10 Most Compelling Pieces Of Evidence That Prove Aliens Have Visited Earth
8. The Foo Fighters
Most of us are familiar with the band helmed by Dave Grohl, Nirvana's ex drummer. But many have no idea where they got their name. During the second world war, the greatest armed conflict the world had ever known, something we did must've got their attention. The sightings officially began in Nuremberg (Aliens love Germany?) in November of 1944, but there had been whispers about them for years prior, only with less frequency. Strange "mystery airships" were popping up everywhere and being seen by both pilots and the men on the ground. The Allied forces believed they were covert weaponry from the Axis powers. Ironically the German and Japanese forces reported the same up their military chain and they assumed they were products of our Allied forces. They were described as fiery glowing lights, moving fast in the sky or low to the ground. They ranged in colour from red, to yellow, orange and white (sound familiar?). It was said they would toy with our aircrafts, following our every manoeuvre before making impossible manoeuvres of their own and then disappearing into the night. All sides of the war were unanimous, these craft, these, discs, these lights, were under intelligent control. They were not some natural phenomenon. Efforts to out-manoeuvre them failed. Attempts to shoot them down failed. The pilots were scared, and there was nothing anybody could do about it. The Pacific sightings were different from those in Europe. There, they were described as flaming discs which just hung in the sky. They rarely followed any of the fighters. A TIMES magazine report from 1945 states that B-29 aircraft fire took one of these down. The ball simply broke up into several pieces crashing down, lighting several buildings on fire. No pieces were ever reported to be found. The Europeans on our side dubbed them Kraut fireballs. In the Pacific Theater of Operations they were just called balls of fire. The North Americans called them Foo Fighters. The name can be credited to Donald J. Meiers, a radar operator for the 415th Night Fighter Squadron from Chicago. Meiers and another pilot by the name of Ed Schleuter were chased by one of these strange red balls of fire on the afternoon of November 27th, 1944. In their mission debriefing with S-2 Intelligence Officer Fritz Ringwald, Meiers was agitated. When asked what had happened he exclaimed, "... it was another one of those foo fighters!" he stormed out of the debriefing room and history was made. In January of 1953, as a result of the Project Bluebook investigations, the Robertson Panel met and attempted to explain the sightings. They suggested electromagnetic phenomena of unknown nature, electrostatic phenomena of unknown nature and St. Elmo's fire. In the end, the report states events remain "unexplained to this day", but there were two things they did know for sure. These lights in the sky never posed a threat to military aircraft and it was suggested that "If the term "flying saucers" had been popular in 19431945, these objects would have certainly been so labeled." At the time, everybody took these sightings extremely seriously, scientists from all over the world and both sides of the war were brought together to figure out what they were and who they were fighting for. The answers have yet to come...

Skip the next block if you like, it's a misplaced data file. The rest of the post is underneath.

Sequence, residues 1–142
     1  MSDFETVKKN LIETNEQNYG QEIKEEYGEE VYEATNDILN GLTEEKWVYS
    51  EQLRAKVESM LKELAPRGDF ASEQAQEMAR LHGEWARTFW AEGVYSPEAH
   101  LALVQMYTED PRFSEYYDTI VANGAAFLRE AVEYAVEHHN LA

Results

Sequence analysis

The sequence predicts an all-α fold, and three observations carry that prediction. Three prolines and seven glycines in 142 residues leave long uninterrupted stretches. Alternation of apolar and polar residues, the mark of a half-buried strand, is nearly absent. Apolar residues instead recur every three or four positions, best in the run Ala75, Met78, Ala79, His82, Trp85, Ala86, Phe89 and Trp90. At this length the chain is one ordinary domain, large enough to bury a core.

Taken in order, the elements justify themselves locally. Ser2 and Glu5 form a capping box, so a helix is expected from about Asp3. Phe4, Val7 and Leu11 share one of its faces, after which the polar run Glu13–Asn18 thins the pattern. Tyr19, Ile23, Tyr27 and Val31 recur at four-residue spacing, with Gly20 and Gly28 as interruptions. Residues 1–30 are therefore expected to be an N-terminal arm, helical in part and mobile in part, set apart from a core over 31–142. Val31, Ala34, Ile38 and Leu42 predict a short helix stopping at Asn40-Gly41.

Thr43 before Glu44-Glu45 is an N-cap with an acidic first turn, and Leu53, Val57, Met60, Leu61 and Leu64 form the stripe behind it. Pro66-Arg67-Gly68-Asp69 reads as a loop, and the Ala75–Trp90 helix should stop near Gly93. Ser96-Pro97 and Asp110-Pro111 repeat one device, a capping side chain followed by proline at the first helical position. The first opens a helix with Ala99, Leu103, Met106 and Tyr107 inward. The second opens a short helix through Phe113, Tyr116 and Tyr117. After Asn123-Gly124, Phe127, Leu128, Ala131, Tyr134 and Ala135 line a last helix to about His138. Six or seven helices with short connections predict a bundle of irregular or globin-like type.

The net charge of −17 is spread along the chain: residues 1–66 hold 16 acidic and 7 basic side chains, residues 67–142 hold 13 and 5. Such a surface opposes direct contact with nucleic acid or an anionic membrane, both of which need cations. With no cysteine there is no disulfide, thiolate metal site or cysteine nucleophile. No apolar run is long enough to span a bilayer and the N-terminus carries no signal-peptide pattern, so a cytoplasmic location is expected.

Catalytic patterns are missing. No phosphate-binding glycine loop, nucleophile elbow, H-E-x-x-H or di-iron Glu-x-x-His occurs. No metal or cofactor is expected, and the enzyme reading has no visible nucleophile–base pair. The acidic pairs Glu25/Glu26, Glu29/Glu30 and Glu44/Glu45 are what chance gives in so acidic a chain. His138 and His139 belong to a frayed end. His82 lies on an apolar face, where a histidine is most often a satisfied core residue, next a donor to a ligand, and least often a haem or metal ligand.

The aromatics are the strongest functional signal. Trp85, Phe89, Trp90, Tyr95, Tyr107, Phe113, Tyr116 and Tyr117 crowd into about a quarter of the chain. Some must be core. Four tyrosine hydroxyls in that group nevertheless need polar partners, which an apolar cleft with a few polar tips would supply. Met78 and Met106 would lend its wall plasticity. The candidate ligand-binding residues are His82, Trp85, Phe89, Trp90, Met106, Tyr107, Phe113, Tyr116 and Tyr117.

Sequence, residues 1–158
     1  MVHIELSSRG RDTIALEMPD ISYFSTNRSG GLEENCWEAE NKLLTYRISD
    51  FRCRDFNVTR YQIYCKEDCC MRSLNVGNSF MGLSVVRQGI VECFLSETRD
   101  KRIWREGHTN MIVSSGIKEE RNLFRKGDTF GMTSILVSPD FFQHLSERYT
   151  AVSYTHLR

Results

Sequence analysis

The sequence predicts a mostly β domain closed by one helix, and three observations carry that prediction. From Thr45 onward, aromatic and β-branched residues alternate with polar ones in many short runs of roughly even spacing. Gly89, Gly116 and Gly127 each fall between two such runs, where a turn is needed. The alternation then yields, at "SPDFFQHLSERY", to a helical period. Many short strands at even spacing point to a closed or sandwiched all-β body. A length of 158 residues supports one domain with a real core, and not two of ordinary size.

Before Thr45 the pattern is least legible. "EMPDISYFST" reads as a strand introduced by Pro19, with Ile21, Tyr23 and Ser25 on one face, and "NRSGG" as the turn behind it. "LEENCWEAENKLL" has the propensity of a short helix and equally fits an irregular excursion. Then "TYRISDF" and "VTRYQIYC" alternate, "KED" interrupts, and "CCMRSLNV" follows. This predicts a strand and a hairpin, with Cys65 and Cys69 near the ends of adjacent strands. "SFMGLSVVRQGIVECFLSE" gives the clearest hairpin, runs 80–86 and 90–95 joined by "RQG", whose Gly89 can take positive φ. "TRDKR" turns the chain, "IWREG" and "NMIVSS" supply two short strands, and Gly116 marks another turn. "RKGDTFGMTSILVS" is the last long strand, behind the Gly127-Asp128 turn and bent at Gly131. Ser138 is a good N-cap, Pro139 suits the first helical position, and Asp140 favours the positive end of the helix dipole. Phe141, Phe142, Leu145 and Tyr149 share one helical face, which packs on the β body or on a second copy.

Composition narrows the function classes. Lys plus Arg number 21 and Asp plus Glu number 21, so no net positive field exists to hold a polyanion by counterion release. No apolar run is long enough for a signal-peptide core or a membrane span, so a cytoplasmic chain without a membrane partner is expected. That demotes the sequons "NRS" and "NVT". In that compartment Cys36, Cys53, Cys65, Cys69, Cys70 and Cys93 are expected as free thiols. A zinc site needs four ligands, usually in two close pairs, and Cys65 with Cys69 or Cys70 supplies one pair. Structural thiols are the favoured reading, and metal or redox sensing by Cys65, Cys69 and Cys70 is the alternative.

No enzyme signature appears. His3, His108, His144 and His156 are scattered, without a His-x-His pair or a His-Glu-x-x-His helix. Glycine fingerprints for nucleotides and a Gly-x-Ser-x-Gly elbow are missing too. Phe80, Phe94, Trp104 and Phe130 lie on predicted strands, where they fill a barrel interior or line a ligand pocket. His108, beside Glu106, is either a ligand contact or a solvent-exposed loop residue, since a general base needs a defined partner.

Unpublished author, unproduced screenwriter, un-enacted playwright & director for higher (currently waiting by the phone), Guillaume Parisien sometimes writes puff pieces for the pop-culture indulgent in order to support his vices; of which there are many.